Department of Dravyaguna (Ayurvedic Pharmacology)
Deals with principles of Ayurvedic pharmacognosy and pharmacology with a special focus on identification of controversial drugs, adulterants and substitutes used in Ayurvedic practice. Ayurveda has developed a unique approach to understanding pharmacology of natural substances through meticulous analysis of taste, physico-chemical properties, potency and bio-transformation of the drug. Ayurveda traces the pathway of drug action right from the point of its ingestion through various stages of its digestion and metabolism to the point of its excretion from the body. Ayurveda understands drug action as the net result what happens when the drug acts on the body and the body acts on the drug. Dravyaguna deals knowledge of nomenclature (namajnana), pharmacognosy (rupajnana), pharmacology (gunajnana) and pharmacotherapeutics (yuktijnana). The hallmark of Ayurvedic pharmacology is its theoretical framework that attempts to understand complex interactions between various ingredients in a formulation that work in synergestic manner to produce a pharmacotherapeutic action that initiates the process of healing.
Ayurveda offers special treatment modalities for post natal care of the mother. Paediatrics deals with care of the new born as well as diseases affecting children. Traditions of Ayurvedic paediatrics are still alive in India. In ancient times, Ayurvedic paediatrics was a separate school of medicine, although it was not as prominent as the schools of medicine and surgery. The Kashyapa Samhita is a classical text on Paediatrics which has been preserved in a mutilated form and is more than 2000 years old.
Department of Swastha Vrittam (Social and Preventative Medicine)
Imparts training on the principles and practice of Social and Preventative Medicine at both the personal and communal levels. Promotion of positive health is dealt with from the Ayurvedic viewpoint. Naturopathy and Yoga also come under the purview of this department. Social and Preventative Medicine in Ayurveda deals with elaborate guidelines and regimens for maintaining and promoting health of the individual and the community as a whole. Regulation of life style, diet and behaviour on the basis of diurnal, seasonal and geographical variations as well as the constitution of the individual is an important component of preventive medicine in Ayurveda. Ayurvedic dietetics is a discipline in itself. Measures for periodical purification and rejuvenation of the body aims to promote vitality and positive health of the person. Ayurveda also deals with the principles of epidemiology and the prevention and management of communicable diseases. This department gives comprehensive training on preventive aspects of health care integrating modern concepts with principles of Ayurveda as well as yoga and naturopathy.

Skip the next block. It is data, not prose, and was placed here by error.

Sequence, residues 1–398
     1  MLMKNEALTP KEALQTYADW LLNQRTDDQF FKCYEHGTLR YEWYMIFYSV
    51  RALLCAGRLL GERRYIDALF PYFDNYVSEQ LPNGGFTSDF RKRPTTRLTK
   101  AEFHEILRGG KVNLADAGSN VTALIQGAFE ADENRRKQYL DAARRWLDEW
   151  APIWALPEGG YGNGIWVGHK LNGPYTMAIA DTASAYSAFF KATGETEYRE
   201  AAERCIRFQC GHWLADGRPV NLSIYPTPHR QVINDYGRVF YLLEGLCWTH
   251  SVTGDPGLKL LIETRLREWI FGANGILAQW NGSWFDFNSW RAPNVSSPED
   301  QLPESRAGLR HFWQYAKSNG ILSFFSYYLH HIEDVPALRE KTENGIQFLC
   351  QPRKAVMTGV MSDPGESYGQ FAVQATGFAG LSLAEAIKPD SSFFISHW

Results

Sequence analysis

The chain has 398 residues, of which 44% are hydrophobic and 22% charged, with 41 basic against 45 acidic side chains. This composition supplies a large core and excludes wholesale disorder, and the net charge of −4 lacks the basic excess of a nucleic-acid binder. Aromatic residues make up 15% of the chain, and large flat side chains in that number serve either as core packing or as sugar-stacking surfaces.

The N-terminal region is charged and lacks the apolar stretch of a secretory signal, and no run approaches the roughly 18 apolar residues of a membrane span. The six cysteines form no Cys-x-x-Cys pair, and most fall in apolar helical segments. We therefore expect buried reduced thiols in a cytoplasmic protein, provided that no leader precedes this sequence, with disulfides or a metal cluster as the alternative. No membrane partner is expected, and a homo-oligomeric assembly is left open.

Department of Maulika Siddhanta (Basic Principles of Ayurveda)
This department deals with the teaching of subjects that are foundational for the study of Ayurveda like Sanskrit, basic principles, classical Ayurvedic texts, history of Ayurveda and epistemology. Proficiency in Sanskrit is indispensible to properly understand the import of classical Ayurvedic writings. This has to be further substantiated by a thorough grounding in the classical knowledge systems of India including both the theistic and atheistic schools. The evolutionary history of Ayurveda spans a few thousands of years and provides interesting insights into the devlopment of the world of medicine itself. It is also essential for the aspirant of Ayurveda to become well versed with the approach of knowledge building delineated in the classical texts of Ayurveda, which accomodates but transcends the methods of science. The department of basic principles prepares the students with the basic intellectual tools necessary to engage in a serious study of Ayurveda.